Jump to content

rock_shoes

Elite Members
  • Content Count

    1,204
  • Joined

  • Last visited

  • Days Won

    26

rock_shoes last won the day on April 24 2017

rock_shoes had the most liked content!

Community Reputation

117 Good

6 Followers

About rock_shoes

  • Rank
    BC Critical Care Paramedic
  • Birthday 04/27/1984

Contact Methods

  • Website URL
    http://
  • ICQ
    0

Profile Information

  • Gender
    Male
  • Location
    British Columbia
  • Interests
    Paramedicine, Climbing (rock,ice,alpine), Mountain Biking, Photography, Music

Previous Fields

  • Occupation
    Critical Care Paramedic

Recent Profile Visitors

22,401 profile views
  1. Almost every controlled drug in my daily carry has significant abuse potential in the wrong hands. Why should best practice patient care be compromised because someone might abuse it? What opiate would you suggest a service carry instead when all opiates, benzo's etc. have abuse potential?
  2. Years ago I found this site as a brand new provider. It helped shape where I am now and put me in touch with mentors I am forever indebted to. Site activity has been quite low for some time now so It's difficult to say if it would serve a new provider the same as it did me.
  3. I'm going with a probable welcome back to the field. Sometimes it's nice when what's old is new again. I spend most of my time flying now but still enjoy the occasional shift working a street car. I like the reminder as to where I came from and why I decided to move into my current area of practice.
  4. Do you perhaps deal with physicians from outside of North America? Other parts of the world use different descriptors for the same condition ("fitting" is a common descriptor in many places for what we would call a seizure in North America).
  5. I know the feeling. A little more than a decade ago I started here as an EMR (EMT - B equivalent for the US folks). Now I've done an additional 5 years of post secondary along the way and work as a Critical Care Paramedic responding to the sickest folks in the province of BC by air/land/water. Funny how the more you know, the less you feel like you know.
  6. Unfortunately Ruff is right on the mark. If you haven't been assaulted on the job as a paramedic you're probably about 2 days into your career.
  7. The Bledsoe textbook is a decent primer to critical care. I'm not too familiar with the US CCEMT-P education requirements but I know Bledsoe's text is just scratching the surface by the Canadian Critical Care Paramedic standard. I would dive significantly deeper if you want to be good at it. UpToDate is an excellent resource with regular evidence based practice updates. It isn't cheap but worthwhile resources rarely are.
  8. We're essentially walking the Ketamine path right along with you. Big dose IM Ketamine for this indication is starting as a trial in one of our urban zones now and will likely be extended to the rest of the service by the end of the year. We've used Ketamine for all kinds of indications in air-evac for a long time. It's new to street level ALS practice in BC.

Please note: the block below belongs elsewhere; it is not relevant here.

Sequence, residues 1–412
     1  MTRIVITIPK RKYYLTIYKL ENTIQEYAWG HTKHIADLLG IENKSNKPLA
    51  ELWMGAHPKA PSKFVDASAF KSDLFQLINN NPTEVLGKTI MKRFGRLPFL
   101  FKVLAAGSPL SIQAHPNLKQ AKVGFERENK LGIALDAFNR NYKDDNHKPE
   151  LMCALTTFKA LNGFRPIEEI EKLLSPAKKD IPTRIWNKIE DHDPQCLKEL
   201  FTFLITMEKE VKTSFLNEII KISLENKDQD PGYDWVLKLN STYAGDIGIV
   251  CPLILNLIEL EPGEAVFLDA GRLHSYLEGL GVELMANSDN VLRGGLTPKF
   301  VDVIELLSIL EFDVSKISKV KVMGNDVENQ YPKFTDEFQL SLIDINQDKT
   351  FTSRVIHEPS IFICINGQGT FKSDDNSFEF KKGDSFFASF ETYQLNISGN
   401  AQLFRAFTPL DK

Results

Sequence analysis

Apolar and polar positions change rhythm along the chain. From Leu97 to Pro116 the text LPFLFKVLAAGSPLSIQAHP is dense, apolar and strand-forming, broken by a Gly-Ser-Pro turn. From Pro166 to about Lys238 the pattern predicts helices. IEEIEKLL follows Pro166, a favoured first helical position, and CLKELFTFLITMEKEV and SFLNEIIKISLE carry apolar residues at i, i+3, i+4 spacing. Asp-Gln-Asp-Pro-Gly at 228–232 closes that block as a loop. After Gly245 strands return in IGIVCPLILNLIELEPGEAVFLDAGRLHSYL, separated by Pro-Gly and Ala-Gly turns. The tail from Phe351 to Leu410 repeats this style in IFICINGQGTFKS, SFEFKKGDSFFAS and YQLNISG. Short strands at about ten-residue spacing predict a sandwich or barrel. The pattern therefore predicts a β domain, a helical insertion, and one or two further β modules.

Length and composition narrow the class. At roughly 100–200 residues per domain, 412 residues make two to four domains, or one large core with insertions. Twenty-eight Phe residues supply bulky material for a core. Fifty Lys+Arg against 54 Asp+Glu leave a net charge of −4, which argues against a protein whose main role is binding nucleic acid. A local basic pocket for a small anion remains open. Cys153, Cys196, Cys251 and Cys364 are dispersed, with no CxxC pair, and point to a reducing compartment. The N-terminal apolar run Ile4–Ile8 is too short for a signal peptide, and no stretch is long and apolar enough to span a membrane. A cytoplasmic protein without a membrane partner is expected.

9. 1) Ketamine 2) Epinephrine 3) Ancef 4) ASA 5) Benadryl If I only get 5 they better be flexible in their use.
  10. Ditto regarding the maintenance of paralysis in our service. We avoid it if at all possible with these patients. I've found Ketamine/Propofol for maintenance of sedation (plus or minus a loading infusion of phenytoin) really give any further seizure activity the old one two punch.
  11. Working in the Vancouver area I've seen a number of these overdoses. Management isn't really any different than any other opiate overdose. The only real differences are how long it takes to get the correct amount of naloxone on board and the probability the patient has aspirated. There are two main issues to keep in mind. 1) Always oxygenate and ventilate before naloxone to prevent wildly swinging hypoxic patients who come up angry (they probably still won't like that you've ruined their high but at least they're not taking a swing at you). If you're unable to get the patient oxygenated with good quality BVM ventilation and an FiO2 of 1.0 within 5-10 minutes of treatment, naloxone is no longer your friend. In these cases the patient has likely aspirated significantly and you're typically better to leave the patient down for intubation/ventilation. 2) If you're dealing with fentanyl or carfentanyl it will take boatloads of naloxone compared to what you typically expect. Instead of 0.4mg to 0.8mg IM or IN it may take in excess of 8mg IV. If that's the case setting up an infusion after bringing them around may be your best bet if you have the option. Expect to need roughly the amount it took to bring them up per hour immediately post rousal.
  12. This particular study tells us absolutely nothing about inferiority/superiority. I don't see any confounding factors accounted for such as intubator skill level or cause of arrest, nor does the study have sufficient overall numbers to draw any conclusions. The study arms are broken in to "initial management with ETI" and "initial management with BVM". What's the time scale here? Does initial management with BVM mean the first 10 minutes of the arrest or the entire arrest management period? Does initial management with ETI mean at some point early on when other more important interventions have already been started or essentially when the crew first walks in the door? This study leaves far more questions about it's own validity than it does about the harm vs. benefit of early ETI in cardiac arrest.
  13. Funny. I probably would have told my younger self to suck it up and go into medicine instead of becoming an over educated paramedic who's job doesn't exist in any country but Canada.
×
×
  • Create New...